STOP HELPING ME (or My Computer is Killing Me with Helpfulness)
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I turned off the grammar check in Word sometime at the end of the last millennium. Yes, I know it's a fragment, but I don't want to consider revising the sentence and those squiggly green lines are really distracting while I try to proof-read (yeah, I actually read what I write). I don't want my words to be arranged by a 5th grade style sheet devised by an engineer in Redmond.
But a lot of, well, let's go ahead and call them features... a lot of features in the tools I use can't be turned off. I might want a map to help me help find my way somewhere new, but I can't get that woman to shut up. "Turn Right in 1/2 mile. Turn Right in 1/4 mile. Recalculating route. Turn around and Turn Left in 1/4 mile..." Doesn't matter that there was a fire truck blocking the right turn and I had to go around, she insists I go the route that her programming dictates.
I write a lot of emails with websites in them. I'll plop a made up name in my email like "somesite.com" and when I see my email later, I see that Gmail decided to make somesite.com into a clickable link. Then I have to explain to my client that they weren't supposed to click on it, and, yeah, sorry it turned out to be some kind of phishing site in Russia that put a virus on your computer... Gmail was just trying to be helpful.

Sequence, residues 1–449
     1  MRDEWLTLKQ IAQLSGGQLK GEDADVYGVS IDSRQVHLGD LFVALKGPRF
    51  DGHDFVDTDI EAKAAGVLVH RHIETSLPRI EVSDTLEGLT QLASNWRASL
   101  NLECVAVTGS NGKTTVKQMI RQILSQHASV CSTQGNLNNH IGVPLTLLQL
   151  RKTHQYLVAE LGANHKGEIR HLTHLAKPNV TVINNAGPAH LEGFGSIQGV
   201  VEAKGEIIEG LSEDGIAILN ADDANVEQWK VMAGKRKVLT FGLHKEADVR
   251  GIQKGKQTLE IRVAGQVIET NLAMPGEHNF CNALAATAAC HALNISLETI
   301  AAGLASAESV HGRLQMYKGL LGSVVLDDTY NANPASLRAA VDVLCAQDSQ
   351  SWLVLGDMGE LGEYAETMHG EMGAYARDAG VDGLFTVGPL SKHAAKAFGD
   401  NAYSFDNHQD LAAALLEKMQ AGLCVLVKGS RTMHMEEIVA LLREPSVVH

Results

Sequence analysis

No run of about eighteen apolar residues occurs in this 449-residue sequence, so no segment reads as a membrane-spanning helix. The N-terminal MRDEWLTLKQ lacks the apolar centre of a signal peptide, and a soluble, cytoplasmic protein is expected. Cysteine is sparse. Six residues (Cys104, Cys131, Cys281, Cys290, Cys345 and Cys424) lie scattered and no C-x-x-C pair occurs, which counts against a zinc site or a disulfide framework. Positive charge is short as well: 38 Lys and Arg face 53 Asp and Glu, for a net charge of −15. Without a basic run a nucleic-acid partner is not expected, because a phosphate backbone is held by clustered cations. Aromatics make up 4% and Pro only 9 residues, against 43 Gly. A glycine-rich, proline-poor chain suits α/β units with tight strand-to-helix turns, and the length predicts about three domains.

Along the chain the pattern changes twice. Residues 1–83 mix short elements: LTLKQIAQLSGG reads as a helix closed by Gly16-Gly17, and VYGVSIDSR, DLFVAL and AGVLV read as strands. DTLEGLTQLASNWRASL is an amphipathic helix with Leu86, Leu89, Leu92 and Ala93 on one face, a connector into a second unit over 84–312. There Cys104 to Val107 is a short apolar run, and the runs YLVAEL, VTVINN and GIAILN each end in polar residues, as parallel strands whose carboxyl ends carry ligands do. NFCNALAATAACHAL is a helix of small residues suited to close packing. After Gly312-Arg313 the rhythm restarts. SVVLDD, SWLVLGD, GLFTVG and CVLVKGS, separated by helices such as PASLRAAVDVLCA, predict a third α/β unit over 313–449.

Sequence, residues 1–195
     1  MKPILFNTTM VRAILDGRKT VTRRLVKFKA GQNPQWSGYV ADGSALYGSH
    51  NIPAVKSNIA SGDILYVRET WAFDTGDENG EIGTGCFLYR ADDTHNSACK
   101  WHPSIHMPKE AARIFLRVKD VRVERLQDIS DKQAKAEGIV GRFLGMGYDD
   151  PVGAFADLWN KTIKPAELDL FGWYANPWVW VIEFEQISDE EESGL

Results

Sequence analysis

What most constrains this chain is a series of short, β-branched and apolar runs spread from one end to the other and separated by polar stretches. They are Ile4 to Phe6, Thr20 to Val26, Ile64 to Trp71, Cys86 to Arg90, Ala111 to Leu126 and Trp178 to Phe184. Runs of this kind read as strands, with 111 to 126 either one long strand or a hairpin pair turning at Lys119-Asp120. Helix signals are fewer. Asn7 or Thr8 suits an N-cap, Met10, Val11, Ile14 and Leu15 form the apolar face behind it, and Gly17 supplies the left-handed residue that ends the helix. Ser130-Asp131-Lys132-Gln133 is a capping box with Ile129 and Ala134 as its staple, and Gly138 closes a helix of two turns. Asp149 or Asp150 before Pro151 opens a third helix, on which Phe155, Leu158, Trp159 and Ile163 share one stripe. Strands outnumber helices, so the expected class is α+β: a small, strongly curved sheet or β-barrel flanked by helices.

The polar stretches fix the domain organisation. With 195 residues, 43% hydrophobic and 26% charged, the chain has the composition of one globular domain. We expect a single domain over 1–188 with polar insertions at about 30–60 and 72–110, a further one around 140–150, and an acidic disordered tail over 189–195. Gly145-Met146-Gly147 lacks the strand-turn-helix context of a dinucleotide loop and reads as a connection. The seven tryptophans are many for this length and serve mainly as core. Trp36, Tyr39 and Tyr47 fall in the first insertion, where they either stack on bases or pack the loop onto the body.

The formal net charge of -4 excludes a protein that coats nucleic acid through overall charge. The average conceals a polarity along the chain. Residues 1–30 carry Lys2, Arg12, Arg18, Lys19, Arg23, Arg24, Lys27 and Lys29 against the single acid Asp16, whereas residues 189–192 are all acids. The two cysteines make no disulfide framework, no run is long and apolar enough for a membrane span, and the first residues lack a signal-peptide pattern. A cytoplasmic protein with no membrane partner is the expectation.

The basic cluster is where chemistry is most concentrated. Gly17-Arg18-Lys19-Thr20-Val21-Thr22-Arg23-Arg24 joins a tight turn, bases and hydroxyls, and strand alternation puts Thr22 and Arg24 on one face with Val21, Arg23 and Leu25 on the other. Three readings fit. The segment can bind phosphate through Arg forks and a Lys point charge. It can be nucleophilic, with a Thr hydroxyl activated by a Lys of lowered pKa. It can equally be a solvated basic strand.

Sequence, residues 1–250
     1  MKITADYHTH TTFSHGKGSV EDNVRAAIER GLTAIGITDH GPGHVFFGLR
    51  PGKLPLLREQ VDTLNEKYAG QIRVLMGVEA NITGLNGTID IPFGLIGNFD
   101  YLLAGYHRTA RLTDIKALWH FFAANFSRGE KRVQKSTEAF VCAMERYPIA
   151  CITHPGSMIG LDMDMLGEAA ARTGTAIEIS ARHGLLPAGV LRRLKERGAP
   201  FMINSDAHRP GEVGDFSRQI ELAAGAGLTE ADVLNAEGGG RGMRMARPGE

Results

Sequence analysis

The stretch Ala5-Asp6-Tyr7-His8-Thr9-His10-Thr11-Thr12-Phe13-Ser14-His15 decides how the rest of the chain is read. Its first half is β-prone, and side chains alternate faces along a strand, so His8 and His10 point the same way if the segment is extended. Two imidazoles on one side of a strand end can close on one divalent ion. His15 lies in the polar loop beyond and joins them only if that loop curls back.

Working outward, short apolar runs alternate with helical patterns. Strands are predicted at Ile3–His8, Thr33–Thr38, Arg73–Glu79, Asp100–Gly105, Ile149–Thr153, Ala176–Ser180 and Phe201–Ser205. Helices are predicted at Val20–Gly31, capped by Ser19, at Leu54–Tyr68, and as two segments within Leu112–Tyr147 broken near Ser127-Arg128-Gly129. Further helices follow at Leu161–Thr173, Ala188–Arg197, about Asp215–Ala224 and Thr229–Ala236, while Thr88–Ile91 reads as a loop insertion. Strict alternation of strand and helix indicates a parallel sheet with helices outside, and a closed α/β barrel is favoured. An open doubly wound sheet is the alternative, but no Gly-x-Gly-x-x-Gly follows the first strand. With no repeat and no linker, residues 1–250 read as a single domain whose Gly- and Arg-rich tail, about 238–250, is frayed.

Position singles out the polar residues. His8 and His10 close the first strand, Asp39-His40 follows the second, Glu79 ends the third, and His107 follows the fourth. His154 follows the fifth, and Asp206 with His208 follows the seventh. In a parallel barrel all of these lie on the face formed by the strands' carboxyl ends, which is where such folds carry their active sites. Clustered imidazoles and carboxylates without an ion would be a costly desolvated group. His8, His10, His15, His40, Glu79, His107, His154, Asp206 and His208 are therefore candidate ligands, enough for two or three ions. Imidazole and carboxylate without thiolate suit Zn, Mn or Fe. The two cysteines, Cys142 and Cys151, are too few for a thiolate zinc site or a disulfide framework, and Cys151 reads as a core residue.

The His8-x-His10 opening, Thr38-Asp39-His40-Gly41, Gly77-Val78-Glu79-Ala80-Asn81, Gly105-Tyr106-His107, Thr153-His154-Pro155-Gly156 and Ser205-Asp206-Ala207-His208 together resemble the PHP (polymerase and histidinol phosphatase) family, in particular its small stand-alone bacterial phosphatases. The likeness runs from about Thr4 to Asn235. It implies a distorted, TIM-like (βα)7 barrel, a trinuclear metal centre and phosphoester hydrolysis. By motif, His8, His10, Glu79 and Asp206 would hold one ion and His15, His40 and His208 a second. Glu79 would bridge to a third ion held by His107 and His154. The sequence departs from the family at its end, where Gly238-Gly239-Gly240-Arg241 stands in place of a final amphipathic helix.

Of course, I've found this other annoying thing that probably only annoys me. When I copy the "somesite.com" out of my browser, it magically pastes as http://somesite.com. I doubt anyone really cares that somesite.com can be accessed by hyper text transfer protocol, or that http even means that. But Chrome thinks it's very important to include that little bit of info in the clipboard.
As all these little devices slowly help me more and more they give me fewer and fewer choices. Sure, most people complain that they don't know how to work their TV remotes because there are too many buttons, but you eventually learn how to use the big Power button, the obvious volume and channel controls, and you ignore the Audio Boost settings, unless, like me, you know how to use them.
But they day they get rid of all those options and leave me with just a volume and channel control (you never really need to turn off your TV anyhow), is the day that I get one more shackle from Skynet.
You see, all these little helpers aren't really helping, they're limiting what I can do, and while each one is an innocuous little helper, they add up, until we're all using iPads and only using the tools our technical overlords believe are best for the human serfs.
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Be sure to see my blog over at Cloudenity. This week's topic:
The Physical Impossibility of Migrating to the Cloud